Dozens of civilians, including many children, have been killed or injured in recent weeks in Libya by landmines planted by Col Muammar Gaddafi's forces and unexploded munitions they left behind.
The BBC's Damian Grammaticas reports from Zlitan, where more than one person a day has been hurt or killed by mines and bombs in the past four weeks but where there are no trained de-mining teams.
His face scorched and scarred, 13-year-old Abdulfatah Hazaz is lying in a hospital bed.
The boy's left arm is swathed in bandages, the bones shattered, his stomach peppered with shrapnel, his spleen ruptured.
Last week, Abdulfatah was fooling around with his brother outside their home. Now he is another casualty of Libya's fight for freedom.
"We were playing in the back yard. I was running and I jumped," remembers Abdulfatah. "Suddenly something exploded and I fell down. My brother fell too. I stood up. I ran to the house shouting and screaming and they brought me here."
His father Ibrahim sits by the bed trying to comfort him.
"I heard the explosion, I was inside the house" he tells me, "there was nothing but sound and smoke."
The boy's older brother, Zuhair, was killed instantly. But Abdulfatah has not yet been told Zuhair is dead.
"How could I tell him? He's between life and death at the moment," his father says. "I am afraid that if I tell him then maybe something will happen to him. He's asking about his brother all the time though."
The hospital in Zlitan has seen 34 cases like Abdulfatah's in the last month - all civilians injured by landmines and unexploded bombs.
Two-thirds of the casualties have been children, and 12 died.
The boys' family had fled their home in Dafniyah, just outside Zlitan, when it was occupied and used as a front-line position by Col Gaddafi's forces. The family only returned a couple of weeks ago.
The boys were playing by a shed when the accident happened last Friday. The ground is littered with spent 14.5mm anti-aircraft shells, pieces of rocket-propelled grenades and ammunition boxes.
It seems Zuhair picked up a shell that had not gone off. It exploded in his hand. The mangled metal case is all that is left.
Down by the seashore, local men have created a dump for all the unexploded munitions in a hole in the sand dunes.
These are not trained de-miners but fathers trying to protect their families from the dangers. They have no idea now to handle the bombs.
In pick-up trucks they come bouncing along the rocky tracks, giant unexploded shells rattling in the backs of their vehicles.
They lay them next to all the other discarded ordnance they have found, some of them live. There are huge artillery shells, mortar rounds, flares, rockets, even an unexploded grenade with the pin already pulled out.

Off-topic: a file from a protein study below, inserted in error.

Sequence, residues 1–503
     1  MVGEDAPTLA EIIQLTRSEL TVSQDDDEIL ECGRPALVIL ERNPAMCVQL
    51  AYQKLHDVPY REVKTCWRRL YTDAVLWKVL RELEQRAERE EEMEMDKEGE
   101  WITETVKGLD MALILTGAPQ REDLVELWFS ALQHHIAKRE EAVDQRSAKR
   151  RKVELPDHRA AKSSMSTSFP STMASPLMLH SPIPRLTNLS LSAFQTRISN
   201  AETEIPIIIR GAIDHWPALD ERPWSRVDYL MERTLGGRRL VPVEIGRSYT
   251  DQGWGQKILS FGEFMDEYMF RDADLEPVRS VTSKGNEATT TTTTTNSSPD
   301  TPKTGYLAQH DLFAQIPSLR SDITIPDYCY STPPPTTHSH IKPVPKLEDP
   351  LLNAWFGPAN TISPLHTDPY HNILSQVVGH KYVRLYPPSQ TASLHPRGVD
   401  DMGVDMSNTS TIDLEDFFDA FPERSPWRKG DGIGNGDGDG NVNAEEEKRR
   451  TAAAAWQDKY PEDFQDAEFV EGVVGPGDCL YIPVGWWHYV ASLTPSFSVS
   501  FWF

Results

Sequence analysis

Helping them is Anwar Ali Mohammed. He was a soldier on the Gaddafi side.
He says he was brought here to help plant mines in the area but ran away when he saw what was happening.
"Gaddafi's son, Khamis, gave the order for myself and other soldiers to come here to show people how to lay landmines. They were trying to block the road to the rebels and destroy the country at the same time," says Anwar.
"They forced us to lay the landmines but we refused because we thought they were forbidden and they caused damage to civilians. The Khamis battalion was doing vicious stuff and then wanted us to show them how to lay the mines properly.
"I've now volunteered to show people what I saw and where the mines have been placed," Anwar adds.
Landmines were seeded throughout Dafniyah. They're one of Col Gaddafi's legacies to his people.
The area was the forward line of defence for Col Gaddafi's forces protecting Tripoli from any rebel advance.
A line of mines several kilometres long was laid stretching far inland. Signs mark where mines have been uncovered.
In one spot a child's bicycle lies on the ground in the middle of the minefield.
Plea for help
Ramadan Mahabrash fled during the fighting. When he returned home he found a plastic object under his olive trees. It was a detonator for a landmine.
His right arm now ends in a stump, wrapped in bandages, seeping yellow: his hand blown off. His left arm is bandaged too, his little finger missing.
"I was going to hand it to the military office so I picked it up. I didn't realise it was so dangerous," he says. "This was the first time I had seen it in my life. Then it exploded."
Before the conflict he was a car mechanic, now he has no idea how he will earn a living.
In a warehouse nearby, Salem Najar, spokesman for Zlitan's military council, shows us a room packed with the mines they have dug up so far: 50,000 small, pale plastic devices.
The detonators are in boxes nearby. It's highly dangerous as they could still trigger the mines.
The men doing the work are civilians using sticks and farming tools. Sometimes they say they usher sheep into the fields to try to check if there are mines laid there.
Salem says they urgently need help from professional de-miners.
"We have no experience in what we are doing, we're just using garden rakes. All the methods we know are for metal mines, but for plastic ones we have nothing."
Back in the hospital, the doctors say Abdulfatah should survive.
His father rubs his eyes, tears welling up.
He has lost one son, and cannot comprehend why his older son had to die, why Col Gaddafi's men left such dangerous weapons strewn around where civilians would find them.
"What can I say? Just for killing humans. It would make sense if it was a war between two countries, but we were just in our home," Ibrahim says.